Growing lettuce plants is perfect for healthy garden salads.
Chances are that salads are one of your most frequently purchased grocery store items. When I help readers figure out what to grow, focusing on crops with excellent dollar value is always important.
Lettuce offers great dollar value for the space, and there are many varieties to enjoy.
How to Grow Lettuce
After you’ve selected your lettuce types and varieties, you can plant your lettuce garden! If you’re not buying seeds and purchasing plants from a nursery, you won’t have the same selection as seeds. Lettuce is quite easy to grow from seed, and sometimes seedlings can be too stressed and not transplant well into your spring garden.
I sow lettuce to harvest baby greens in the spring, head lettuce during summer and again for fall harvests.
Sowing multiple times a year is called ‘succession planting’.
Lettuce can be sown before the last spring frost, so you’ll need to know your growing zone.
Many gardeners prefer to wait until the last spring frost is over, but I always sow before hand. You can grow or buy seedlings, or directly sow your lettuce outside. You can plant lettuce anywhere, in general it’s easy to get along with any other crop. I grow a spring salad garden bed, sow it around tall crops, and sow another winter greens garden bed.
When to Plant Lettuce Seedlings
I usually plant lettuce many times in our home garden. We start growing lettuce seeds indoors for a spring planting, then directly sow them outdoors. During the spring and summer, the days can get hot quickly. There are lettuces that don’t handle the heat very well and the lettuce will bolt and get bitter.
Select bolt/heat resistant lettuce varieties in the summer.
You can also select cold hardy lettuce for the fall and winter too. My favorite winter romaine lettuce is called ‘Winter Density’. Certain lettuce varieties will also have some disease resistance. If downy mildew or tipburn is a problem where you are, select for those disease resistance.
You’ll want to check your seed packets so that you know how long it takes to grow.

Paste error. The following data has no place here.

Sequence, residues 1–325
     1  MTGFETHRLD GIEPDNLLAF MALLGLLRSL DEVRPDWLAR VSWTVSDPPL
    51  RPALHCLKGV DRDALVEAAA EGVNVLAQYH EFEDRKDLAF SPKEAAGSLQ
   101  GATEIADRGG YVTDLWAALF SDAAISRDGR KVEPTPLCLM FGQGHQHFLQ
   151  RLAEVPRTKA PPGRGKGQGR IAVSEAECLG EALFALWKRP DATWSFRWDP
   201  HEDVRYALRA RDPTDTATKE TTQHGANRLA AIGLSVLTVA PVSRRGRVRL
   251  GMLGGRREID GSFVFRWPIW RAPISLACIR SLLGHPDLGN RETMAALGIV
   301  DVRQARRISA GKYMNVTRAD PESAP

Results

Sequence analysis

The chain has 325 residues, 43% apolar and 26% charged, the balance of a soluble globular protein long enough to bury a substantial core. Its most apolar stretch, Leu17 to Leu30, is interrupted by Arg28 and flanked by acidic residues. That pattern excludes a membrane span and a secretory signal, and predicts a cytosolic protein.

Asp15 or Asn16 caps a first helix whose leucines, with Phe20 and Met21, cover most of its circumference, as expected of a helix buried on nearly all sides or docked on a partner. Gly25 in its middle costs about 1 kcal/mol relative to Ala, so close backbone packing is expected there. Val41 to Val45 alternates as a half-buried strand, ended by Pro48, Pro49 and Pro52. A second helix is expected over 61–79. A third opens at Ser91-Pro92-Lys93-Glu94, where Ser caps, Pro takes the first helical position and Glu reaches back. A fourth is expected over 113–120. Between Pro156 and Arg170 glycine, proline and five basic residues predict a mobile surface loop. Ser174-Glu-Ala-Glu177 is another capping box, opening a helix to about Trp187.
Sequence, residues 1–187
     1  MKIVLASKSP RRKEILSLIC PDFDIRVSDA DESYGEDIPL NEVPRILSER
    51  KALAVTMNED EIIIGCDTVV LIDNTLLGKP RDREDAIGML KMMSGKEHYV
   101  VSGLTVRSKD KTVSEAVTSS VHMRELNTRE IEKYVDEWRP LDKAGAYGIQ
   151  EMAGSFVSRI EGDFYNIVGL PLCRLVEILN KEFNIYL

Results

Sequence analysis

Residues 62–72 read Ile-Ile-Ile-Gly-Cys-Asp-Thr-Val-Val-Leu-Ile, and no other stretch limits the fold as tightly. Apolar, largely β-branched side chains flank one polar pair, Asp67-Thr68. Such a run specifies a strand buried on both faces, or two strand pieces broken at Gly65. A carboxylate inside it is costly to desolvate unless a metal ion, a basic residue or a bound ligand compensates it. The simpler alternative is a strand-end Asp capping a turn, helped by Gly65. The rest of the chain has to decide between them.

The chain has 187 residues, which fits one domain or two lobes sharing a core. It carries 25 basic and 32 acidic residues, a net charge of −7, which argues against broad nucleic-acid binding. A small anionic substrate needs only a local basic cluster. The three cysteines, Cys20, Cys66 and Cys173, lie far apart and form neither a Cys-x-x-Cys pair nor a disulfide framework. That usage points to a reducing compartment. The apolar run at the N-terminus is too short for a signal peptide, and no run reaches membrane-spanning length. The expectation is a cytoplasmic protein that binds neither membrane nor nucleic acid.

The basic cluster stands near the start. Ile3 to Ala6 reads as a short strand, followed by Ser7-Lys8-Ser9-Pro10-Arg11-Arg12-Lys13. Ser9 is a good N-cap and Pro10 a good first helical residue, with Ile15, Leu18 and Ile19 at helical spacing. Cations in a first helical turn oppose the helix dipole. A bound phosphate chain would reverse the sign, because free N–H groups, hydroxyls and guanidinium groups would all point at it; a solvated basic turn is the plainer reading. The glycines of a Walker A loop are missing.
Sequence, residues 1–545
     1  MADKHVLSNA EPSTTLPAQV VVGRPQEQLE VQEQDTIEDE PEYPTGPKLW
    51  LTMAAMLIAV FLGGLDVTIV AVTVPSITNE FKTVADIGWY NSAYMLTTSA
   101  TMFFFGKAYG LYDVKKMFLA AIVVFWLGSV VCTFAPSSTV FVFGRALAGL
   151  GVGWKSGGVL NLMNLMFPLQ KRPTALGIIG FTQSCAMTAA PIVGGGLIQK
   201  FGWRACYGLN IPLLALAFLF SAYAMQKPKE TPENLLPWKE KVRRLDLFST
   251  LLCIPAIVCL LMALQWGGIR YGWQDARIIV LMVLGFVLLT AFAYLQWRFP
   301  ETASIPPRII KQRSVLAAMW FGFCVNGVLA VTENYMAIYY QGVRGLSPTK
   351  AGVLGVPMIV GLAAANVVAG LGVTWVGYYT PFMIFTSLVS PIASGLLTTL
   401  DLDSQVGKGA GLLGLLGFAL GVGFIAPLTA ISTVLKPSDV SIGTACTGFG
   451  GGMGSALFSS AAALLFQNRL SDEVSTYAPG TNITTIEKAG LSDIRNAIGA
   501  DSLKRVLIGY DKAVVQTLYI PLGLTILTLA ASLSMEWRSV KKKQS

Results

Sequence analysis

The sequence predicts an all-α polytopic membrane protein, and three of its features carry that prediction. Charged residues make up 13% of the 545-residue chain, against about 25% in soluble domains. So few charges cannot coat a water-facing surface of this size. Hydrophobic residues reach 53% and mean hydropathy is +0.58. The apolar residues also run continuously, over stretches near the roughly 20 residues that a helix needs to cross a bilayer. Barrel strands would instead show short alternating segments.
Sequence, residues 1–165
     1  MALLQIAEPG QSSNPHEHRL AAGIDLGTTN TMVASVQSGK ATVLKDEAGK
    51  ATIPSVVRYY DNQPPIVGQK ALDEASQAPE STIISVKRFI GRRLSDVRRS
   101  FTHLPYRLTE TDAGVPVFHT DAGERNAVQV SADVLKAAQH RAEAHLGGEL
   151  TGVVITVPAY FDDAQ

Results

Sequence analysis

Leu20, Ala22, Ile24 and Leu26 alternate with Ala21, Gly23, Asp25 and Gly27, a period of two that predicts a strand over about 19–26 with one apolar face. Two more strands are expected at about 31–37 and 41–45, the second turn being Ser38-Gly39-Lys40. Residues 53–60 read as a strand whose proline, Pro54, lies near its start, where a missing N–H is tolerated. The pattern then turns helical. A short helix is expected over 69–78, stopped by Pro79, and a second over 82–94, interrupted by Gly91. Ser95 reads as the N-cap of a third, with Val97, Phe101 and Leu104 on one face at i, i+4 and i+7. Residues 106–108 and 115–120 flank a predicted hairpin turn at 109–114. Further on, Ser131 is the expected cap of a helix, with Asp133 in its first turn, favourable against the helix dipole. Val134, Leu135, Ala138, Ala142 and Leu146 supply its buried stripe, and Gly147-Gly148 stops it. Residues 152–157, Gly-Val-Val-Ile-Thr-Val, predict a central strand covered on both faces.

For example, many types of leaf lettuce grow fast and are ready to harvest in less than 45 days! How great is that? Head lettuce on the other hand, often takes 60-80 days. When creating a planting schedule, you’ll need to customize it for your location. I sell a garden planner so you can fill in those dates.
Here’s a FREE printable lettuce sowing schedule
(you can print the Lettuce Planting Schedule)
Growing Lettuce Problems
Lettuce is a cool season plant needing full sun to partial shade. Soil temperature needs to be 10-22°C (50-72°F) and preferred ph of 6.0-6.5. One of the things lettuce needs to grow well is nitrogen as it’s a leafy green plant. Add compost or organic fertilizer.
Some common problems growing lettuce:
- Heat. Because lettuce is a cool season crop, growing during the summer months can be a challenge. Ironic how that’s when we want salads the most right? There are certain greens that can handle the summer heat, which I discuss in my greens growing guide. Most seeds won’t germinate under hot conditions so fall might be a better time to grow. I’m an avid fall and winter vegetable gardener as there are cold hardy lettuce varieties!
- Seeds didn’t sprout. One thing to remember with lettuce seeds is that it’s common for only 70% or so to germinate. It’s better to sow more and thin out plants, than have empty spaces. Many make the mistake of covering the soil with too much soil. Lettuce seeds are quite small, and only just need to be barely covered with soil.